You can blame Denis Dalby for this blog. He recently mentioned on Facebook something about him never being able to see a clothes line in the same way ever again, after attending a course I ran at the Swarthmore Adult Education Centre in Leeds. I worked there during the mid to late 70s and early 80s and as I ran the course on my own and had no paperwork to do at that time, just made it up as I went along. I learnt a lot in terms of what worked and what didn't and was able to put into action stuff I was learning on other days as I also worked on the long established Foundation Course over at what was then the Jacob Kramer College.
So back to the clothes line.
Before the students came in I would put up several clothes lines across the drawing studio. Three or four, with old fashioned clothes pegs placed at irregular intervals. As the students came in they were asked to position easels so that they should not interfere with the construction or their ability to see at least two of the lines and associated pegs. Before starting to draw anything the talk would be of spatial awareness, where people were positioned was examined, how had they arrived at the decision to set up where they had. The gradual taking of space by them as individuals was reflected back as an essential human factor and that awareness of space was as much a psychological as a physical phenomena. Then set-up for a drawing would start. Easels were adjusted according to sight lines. We focused on where people were, where their easel and therefore paper was and where the object to draw was. In this case it was hard to find the object but this was the point. The previous session and following session were about perceptual drawing. A life model (Anne and that's another story) was available, but the looking had been slack and people had been very unaware of the space that the figure sat in. In particular I had tried to introduce a method of drawing we were at that time calling "Giron and Fesspoint" drawing. This is a term that was used by a collection of staff at the Jacob Kramer, a term I hadn't come across before but which I on first contact associated with a type of drawing introduced by William Coldstream at the Slade and which was eventually practiced by Euan Uglow in a very hard nosed form. However I was soon to realise that this was only superficially similar. A giron was an imaginary line connecting specific points between two masses in space. Fess points were the points where the eye would momentarily rest as it sought to make connections with other points. Gradually a network of connections is arrived at that reveals the space as it is perceived by the observer. The difference between the "giron and fess-point" method and the Coldstream/Uglow tradition however was the rejection of the fixed anchor points. This was also related to the problem of perspective. In order to 'see' we seek out what's there. The head rotates on its axis and both eyes come into play as depth is explored. So the problem of spatial awareness was not just to find the 'anchor' points which help understand the space, but to also engage with the visual scanning of left to right, up to down and in and out of the space. A giron was therefore as much an indicator of perceptual travel as a link between one thing and another. A fess point could therefore come into being at any point along that travel, not necessarily at a point where the edge of an object might cross where this line might be, because it ought to be an important point in space that was indicated by an awareness of relationships. And, more importantly, that point itself was in flux. Already I can see the students' brains descending into a foggy unknowing but I would persist. At this point I'd walk out and physically pinch a point in the air, ask students to watch carefully where this was and then let it go. Students were asked to scan around that point and find others, then try and find the invisible point that I had moments before indicated. This was a 'fess' point. Finally we would get to the drawing. The clothes lines were to be seen initially as physical manifestations of the girons. The pegs as fess points. Students were to look at how the space was traversed by this construction and how it could be used to make drawings that explained their growing awareness of the space.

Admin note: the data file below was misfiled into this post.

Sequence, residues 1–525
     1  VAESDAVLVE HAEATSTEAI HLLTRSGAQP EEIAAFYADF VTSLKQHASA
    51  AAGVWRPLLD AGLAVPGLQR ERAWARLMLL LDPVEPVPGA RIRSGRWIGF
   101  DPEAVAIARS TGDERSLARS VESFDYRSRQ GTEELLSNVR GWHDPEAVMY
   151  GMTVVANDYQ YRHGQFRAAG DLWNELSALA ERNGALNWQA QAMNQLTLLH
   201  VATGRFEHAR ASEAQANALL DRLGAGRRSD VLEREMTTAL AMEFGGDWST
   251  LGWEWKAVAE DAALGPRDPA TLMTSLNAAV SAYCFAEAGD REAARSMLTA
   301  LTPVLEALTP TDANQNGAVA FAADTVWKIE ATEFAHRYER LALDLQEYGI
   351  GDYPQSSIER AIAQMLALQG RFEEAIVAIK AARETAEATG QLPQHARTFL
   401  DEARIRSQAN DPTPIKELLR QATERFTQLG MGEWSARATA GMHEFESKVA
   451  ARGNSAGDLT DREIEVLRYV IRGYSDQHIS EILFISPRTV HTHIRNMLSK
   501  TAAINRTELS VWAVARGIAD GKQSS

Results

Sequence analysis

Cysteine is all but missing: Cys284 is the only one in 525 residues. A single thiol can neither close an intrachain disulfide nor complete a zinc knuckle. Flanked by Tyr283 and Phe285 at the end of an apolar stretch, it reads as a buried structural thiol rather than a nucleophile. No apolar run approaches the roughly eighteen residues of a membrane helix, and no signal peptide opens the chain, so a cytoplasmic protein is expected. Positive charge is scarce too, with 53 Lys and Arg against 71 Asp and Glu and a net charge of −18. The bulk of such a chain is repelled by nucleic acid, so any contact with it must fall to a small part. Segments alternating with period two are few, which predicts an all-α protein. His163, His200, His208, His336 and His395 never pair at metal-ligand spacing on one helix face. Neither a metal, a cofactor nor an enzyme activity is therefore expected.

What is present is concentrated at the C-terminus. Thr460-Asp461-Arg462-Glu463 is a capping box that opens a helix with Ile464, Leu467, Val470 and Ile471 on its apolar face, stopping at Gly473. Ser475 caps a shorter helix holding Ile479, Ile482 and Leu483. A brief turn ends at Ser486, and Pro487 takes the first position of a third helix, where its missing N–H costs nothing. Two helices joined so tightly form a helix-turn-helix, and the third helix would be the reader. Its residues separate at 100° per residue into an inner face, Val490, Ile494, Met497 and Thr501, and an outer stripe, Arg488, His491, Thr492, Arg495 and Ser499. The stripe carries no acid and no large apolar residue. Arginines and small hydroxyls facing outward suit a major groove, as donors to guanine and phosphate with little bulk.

The main problem I had was getting students to stop drawing clothes pegs and clothes lines. Things are not important I would state over and over again, its all about relationships. At the end of the day we would be left with drawings consisting of faint lines and marks indicating the students' struggle to come to terms with what I was asking them to do. The 'crit' at the end would consist of us looking collectively at these images and assessing whether or not the spatial experience had been realised. However this had to come out of individual's approaches, some making tiny delicate pencil insertions, others working in charcoal and creating a mass of rubbed out and energetic marks. The test was the spatial re-creation, but the levels of energy and personality within these constructions was unique to each student. Many of the processes used to open students' eyes were introduced to me by my older colleagues who worked at the Jacob Kramer. In particular the man who wanted to re-create the eye movements as actions that could be read not only in space but time, was Patrick Oliver. But others there stressed structure and the tension between the flicker of momentary perception and the need to structure any experience if we are to act in relationship to it. Colin Cain was a structuralist and he used perspective, so was Gavin Stuart, who didn't. When I started (academic year 1974/5) Frank Lisle, the then principal used to come into life drawing classes I taught and make comments on my ability to articulate the underlying anatomical structure. He had no truck with 'giron and fess-point' drawings, he was much more Henry Tonks/William Coldstream and had taught David Hockney when he was a student at Bradford. Hockney came to Newport to do a bit of part-time when I was a student I think John Selway had invited him in. (1969/70 I think) I mainly remember Hockney talking about why he had placed a plant pot in front of someone's feet in a drawing he was showing us, basically because he couldn't get them right. A useful lesson I thought in getting round a problem by avoiding it. I was into conceptualism at the time though and wasn't really listening to what he was saying. The stupidity of youth.